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Measuring customer satisfaction: What types of metrics measure customer satisfaction?

Measuring customer satisfaction: What types of metrics measure customer satisfaction?

Measuring customer satisfaction allows you to comprehensively record the customer experience (CX). Using different types of customer satisfaction metrics, you can paint the full picture of how your customers respond to your brand.

Collecting feedback allows you to monitor your customer experience metrics with concrete data. Responding to this feedback helps you improve your customer touchpoints over time and create a better customer experience. 

As you streamline the customer journey at every touchpoint, your customers will report higher satisfaction. From there, you’ll experience higher profits, decreased churn and happier customers, so what's not to love?

Satisfying your customers is one of your business's most important goals. In fact, 91% of customers who have a positive experience with your brand will recommend your company. Improving the customer experience over time can boost customer satisfaction and enhance everything from retention rates to overall revenue.

Measuring customer satisfaction is the key to success. Clear, quantifiable metrics will offer you the insight you need to monitor and develop a strategy to improve customer satisfaction. Improving satisfaction can:

  • Drive customer loyalty: happier customers are more likely to return to your business for future purchases.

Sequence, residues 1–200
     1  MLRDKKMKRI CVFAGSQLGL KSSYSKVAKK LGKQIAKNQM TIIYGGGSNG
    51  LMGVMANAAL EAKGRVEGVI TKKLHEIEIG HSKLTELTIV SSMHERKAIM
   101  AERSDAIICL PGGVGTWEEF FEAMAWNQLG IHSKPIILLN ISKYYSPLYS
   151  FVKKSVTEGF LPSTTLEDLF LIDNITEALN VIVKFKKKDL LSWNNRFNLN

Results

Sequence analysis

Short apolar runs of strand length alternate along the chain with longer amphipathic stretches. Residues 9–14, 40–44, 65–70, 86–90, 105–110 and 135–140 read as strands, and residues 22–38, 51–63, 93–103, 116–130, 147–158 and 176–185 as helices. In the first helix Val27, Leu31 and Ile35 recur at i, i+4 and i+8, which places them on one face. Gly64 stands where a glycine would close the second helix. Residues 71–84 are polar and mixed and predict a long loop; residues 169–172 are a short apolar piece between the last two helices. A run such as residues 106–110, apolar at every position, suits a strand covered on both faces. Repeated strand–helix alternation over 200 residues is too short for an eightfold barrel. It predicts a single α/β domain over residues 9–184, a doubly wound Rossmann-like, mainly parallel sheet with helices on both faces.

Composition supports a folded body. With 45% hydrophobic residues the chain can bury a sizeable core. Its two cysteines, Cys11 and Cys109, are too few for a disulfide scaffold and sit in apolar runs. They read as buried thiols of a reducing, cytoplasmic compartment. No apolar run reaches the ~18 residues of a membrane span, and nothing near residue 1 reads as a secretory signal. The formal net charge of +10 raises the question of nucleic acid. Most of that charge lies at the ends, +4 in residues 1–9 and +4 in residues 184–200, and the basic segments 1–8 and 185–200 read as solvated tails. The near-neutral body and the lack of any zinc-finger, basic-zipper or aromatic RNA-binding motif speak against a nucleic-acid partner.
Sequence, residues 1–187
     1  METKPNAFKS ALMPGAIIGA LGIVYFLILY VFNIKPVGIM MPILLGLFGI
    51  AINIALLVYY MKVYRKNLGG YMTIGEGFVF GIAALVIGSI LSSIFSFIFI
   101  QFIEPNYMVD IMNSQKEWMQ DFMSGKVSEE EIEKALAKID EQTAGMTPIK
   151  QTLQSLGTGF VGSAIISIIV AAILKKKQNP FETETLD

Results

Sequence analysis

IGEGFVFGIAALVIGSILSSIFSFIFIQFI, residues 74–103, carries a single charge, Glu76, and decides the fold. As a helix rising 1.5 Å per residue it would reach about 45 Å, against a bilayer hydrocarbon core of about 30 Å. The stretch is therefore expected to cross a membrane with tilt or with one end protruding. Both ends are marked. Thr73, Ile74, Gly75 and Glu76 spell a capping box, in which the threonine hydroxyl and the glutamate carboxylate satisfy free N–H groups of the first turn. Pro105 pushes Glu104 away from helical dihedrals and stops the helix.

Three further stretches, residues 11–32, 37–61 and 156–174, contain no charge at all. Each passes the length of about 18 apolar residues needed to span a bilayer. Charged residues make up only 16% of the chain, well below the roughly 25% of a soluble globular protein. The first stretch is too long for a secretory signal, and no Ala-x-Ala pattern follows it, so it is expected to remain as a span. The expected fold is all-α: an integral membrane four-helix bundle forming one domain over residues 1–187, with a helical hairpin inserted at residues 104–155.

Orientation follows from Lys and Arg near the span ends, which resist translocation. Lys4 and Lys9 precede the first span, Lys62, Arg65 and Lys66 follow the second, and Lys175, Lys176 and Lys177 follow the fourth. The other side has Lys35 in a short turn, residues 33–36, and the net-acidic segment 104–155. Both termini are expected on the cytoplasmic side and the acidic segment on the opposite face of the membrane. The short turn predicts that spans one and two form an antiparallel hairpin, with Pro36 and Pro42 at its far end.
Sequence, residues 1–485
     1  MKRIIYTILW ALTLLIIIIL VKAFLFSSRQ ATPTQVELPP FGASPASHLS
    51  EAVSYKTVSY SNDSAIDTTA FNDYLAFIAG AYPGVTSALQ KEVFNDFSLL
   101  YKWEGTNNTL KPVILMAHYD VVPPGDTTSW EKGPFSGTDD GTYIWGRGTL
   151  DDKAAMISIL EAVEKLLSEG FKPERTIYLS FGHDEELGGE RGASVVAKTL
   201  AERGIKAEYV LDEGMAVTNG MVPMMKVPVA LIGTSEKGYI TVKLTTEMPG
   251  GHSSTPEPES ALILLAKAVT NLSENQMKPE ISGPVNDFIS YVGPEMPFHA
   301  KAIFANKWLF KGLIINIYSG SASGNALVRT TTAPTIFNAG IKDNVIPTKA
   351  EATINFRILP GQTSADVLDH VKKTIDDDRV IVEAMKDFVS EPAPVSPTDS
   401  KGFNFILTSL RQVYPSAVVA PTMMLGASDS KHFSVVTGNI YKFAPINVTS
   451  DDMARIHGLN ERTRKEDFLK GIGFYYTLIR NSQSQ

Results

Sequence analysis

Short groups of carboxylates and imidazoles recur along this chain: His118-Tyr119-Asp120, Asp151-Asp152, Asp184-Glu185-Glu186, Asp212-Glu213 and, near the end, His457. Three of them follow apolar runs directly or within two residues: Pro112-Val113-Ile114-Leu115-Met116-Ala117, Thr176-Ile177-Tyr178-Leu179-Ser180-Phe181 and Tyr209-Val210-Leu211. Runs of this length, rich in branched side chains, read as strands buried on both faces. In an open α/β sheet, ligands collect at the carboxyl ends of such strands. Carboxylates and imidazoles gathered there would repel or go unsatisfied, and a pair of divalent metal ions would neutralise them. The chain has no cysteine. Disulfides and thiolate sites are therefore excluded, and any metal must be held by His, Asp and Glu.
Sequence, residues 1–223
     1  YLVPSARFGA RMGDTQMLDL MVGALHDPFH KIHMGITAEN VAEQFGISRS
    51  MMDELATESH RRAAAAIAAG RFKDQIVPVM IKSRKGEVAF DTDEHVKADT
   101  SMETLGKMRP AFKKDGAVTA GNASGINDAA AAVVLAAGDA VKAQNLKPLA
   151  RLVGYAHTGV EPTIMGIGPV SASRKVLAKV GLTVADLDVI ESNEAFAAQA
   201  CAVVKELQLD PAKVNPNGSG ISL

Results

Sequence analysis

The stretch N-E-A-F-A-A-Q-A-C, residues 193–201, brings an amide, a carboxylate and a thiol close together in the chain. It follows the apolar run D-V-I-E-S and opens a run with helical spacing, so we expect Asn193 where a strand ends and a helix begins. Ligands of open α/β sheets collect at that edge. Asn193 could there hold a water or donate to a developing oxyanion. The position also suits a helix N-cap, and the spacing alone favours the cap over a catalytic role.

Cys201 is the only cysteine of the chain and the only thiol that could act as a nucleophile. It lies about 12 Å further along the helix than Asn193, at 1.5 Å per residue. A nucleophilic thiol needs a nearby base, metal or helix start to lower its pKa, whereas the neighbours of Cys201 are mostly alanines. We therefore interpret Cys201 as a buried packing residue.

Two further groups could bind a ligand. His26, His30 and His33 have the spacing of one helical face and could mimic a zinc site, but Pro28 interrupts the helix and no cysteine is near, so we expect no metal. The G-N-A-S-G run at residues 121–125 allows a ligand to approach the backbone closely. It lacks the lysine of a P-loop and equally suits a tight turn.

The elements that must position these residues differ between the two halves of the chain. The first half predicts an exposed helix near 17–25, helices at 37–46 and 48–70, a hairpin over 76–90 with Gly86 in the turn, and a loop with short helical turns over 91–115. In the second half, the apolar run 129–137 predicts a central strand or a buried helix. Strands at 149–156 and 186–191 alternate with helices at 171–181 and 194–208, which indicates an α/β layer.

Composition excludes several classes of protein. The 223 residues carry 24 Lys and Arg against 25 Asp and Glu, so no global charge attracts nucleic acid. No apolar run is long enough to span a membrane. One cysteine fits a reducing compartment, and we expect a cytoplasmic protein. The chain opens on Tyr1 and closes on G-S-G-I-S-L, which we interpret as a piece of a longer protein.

• Reduce churn rates: high satisfaction rates lead to lower customer churn.
  • Generate word of mouth: customers who love your brand will recommend you to friends and family, helping bring in new customers and boost revenue. 
  • Develop brand reputation: If you have many satisfied customers who recommend your brand, you’ll develop a positive brand reputation that can attract new customers.

Developing a Voice of the Customer (VoC) programme that measures customer satisfaction using various metrics can help your business achieve all these benefits and more. Let’s dive into some important metrics to consider when measuring customer satisfaction. 

Customer satisfaction is one of many key performance indicators (KPIs) that enterprises routinely measure. Customer satisfaction has several facets, ranging from how loyal a customer feels to whether or not they find interacting with your company difficult.

Measuring your customer satisfaction allows you to create a plan to improve it. You can use the following metrics to measure customer satisfaction holistically.

NPS question with results on a scale of 1–10 and results at the bottom of graphic

The Net Promoter Score is a metric that businesses use to monitor levels of customer loyalty. Brands all across the world now consider measuring NPS to be the leading method of tracking customer loyalty. 

The NPS produces a number of between -100 and 100 that you can use to monitor your customer loyalty. Measuring brand loyalty with NPS allows your brand to trace how customers respond to your business over time. As you implement strategies to improve the customer experience, you can track how satisfaction increases by routinely taking this loyalty metric. 

Using an NPS survey to measure loyalty is useful as the survey is simple and effective. Businesses only need to ask a close variant of “How likely are you to recommend our company to a friend or colleague?” Answers can range on a scale from 1 to 10. 

Businesses then divide their customers into three groups based on the scale:

  • Detractors (0–6): Customers who are unhappy with the services or products you provide and are likely to have a negative impact on your brand reputation.
  • Passives (7–8): These are customers who are indifferent to your business and may switch to a competitor.
  • Promoters (9–10): Customers who are loyal to your business and will bring in new clients through positive word-of-mouth referrals.

By using the following formula, you can work out your NPS score. Benchmark this score against your competitors or your industry average to see how your customers feel about your brand.

NPS calculator